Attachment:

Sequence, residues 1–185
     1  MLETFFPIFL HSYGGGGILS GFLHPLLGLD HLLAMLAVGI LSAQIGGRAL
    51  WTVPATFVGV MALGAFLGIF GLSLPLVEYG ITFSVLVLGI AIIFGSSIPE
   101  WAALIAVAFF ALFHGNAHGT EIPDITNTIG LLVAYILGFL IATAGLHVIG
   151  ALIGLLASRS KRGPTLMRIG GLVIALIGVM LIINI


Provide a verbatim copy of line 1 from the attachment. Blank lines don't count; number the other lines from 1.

Sequence, residues 1–185